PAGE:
As a matter of principle, I do not belive you can do battle with nouns. Wars are fought against people. In this case, we are fightimg Al-Queada and similar groups who seek to do us harm. So, which model to we use- the war model, in which almost anything is justified if it will bring victory, or the criminal justice model, where different rules prevail?

Since this is likely to be a long struggle, how we conduct it is extremely important. It will shape who we become as a society, just like the Cold War did. We must find a way to be effective against our enemies without losing who we are.

Prof. Kerr is correct- the war on "terror" raises a huge number of individual legal issues. But, I have to say that narrowly focusing on one issue at a time may not be the best way to look at it. We must look ahead and see where the path we are on is taking us.
6.14.2007 1:40am
Anderson (mail) (www):
It's pretty ironic that Kaczynski rejects gun control

But not bomb control? ;) This is our sparring-mate Kazinski, not the Unabomber.
6.14.2007 1:42am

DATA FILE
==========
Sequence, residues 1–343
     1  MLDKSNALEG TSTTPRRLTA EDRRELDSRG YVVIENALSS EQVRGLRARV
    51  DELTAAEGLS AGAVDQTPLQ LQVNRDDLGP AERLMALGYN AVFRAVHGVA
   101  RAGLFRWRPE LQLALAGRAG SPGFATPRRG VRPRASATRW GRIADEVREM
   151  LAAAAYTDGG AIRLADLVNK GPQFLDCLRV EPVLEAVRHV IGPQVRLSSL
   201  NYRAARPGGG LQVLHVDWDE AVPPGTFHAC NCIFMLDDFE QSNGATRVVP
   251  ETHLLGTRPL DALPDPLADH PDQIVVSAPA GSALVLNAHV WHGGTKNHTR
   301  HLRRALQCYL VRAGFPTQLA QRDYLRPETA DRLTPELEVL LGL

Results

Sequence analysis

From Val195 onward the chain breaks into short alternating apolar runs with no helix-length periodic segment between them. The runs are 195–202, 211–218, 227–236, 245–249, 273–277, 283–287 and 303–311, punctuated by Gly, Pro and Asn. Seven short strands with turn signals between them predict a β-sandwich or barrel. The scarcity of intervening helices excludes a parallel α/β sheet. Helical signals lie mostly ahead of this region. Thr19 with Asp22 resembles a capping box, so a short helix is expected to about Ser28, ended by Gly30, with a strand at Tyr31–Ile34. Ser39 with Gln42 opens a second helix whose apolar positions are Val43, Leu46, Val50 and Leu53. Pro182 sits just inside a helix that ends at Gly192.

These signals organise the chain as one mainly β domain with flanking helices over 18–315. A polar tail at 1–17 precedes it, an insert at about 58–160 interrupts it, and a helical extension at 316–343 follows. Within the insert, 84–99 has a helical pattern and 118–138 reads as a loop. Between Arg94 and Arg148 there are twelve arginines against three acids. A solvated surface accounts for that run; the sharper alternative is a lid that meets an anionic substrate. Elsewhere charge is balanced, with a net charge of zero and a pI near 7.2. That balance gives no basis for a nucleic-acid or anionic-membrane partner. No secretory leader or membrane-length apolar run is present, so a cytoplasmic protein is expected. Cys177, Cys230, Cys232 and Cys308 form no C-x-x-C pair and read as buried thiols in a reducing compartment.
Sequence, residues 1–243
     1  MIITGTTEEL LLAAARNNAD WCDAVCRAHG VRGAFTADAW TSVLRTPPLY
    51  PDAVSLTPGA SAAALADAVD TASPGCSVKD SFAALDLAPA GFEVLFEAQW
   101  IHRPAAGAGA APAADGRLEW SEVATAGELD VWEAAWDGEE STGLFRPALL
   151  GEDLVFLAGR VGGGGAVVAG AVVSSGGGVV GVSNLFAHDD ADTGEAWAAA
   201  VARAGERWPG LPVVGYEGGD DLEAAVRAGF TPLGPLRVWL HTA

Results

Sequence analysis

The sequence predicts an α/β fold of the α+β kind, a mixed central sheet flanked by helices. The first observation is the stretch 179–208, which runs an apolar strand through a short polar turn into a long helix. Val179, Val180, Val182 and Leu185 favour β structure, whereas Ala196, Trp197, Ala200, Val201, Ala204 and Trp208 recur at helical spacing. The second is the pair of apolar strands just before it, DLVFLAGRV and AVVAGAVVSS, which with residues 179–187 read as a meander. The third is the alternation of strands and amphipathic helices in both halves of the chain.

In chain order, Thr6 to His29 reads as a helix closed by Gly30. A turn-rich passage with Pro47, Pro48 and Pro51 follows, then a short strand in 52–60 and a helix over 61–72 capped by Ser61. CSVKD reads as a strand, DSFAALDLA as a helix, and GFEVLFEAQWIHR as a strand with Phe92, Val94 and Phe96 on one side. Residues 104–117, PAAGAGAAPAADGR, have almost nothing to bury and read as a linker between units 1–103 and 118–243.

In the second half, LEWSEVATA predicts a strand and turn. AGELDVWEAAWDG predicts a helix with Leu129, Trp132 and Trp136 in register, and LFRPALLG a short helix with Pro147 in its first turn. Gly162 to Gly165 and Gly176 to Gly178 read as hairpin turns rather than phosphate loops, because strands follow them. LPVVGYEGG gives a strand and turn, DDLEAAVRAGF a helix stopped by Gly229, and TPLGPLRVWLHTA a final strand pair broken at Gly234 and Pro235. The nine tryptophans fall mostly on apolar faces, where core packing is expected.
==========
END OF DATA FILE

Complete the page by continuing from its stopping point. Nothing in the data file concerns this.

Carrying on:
Anderson (mail) (www):
Since this is likely to be a long struggle, how we conduct it is extremely important. It will shape who we become as a society, just like the Cold War did.

And that was far from being to the good, largely due to our amazing success in matching Soviet paranoia with our own. Good comment, rfg.

And good night all -- but Kazinski, question's still there on the "good faith" issue; I am at a sincere loss on that.
6.14.2007 1:45am
Kazinski:
Anderson:
I'm on the fence about bomb control, I think hand grenades and automatic weapons are clearly arms, but I'm willing to be pragmatic enough about the issue to sacrifice a little principle. You need to be similarly flexible. As Al Gore said:
<blockquote>
"That's a no-brainer. Of course it's a violation of international law, that's why it's a covert action. The guy is a terrorist. Go grab his ass."
- Richard Clarke (Against All Enemies pp. 143-144)
</blockquote>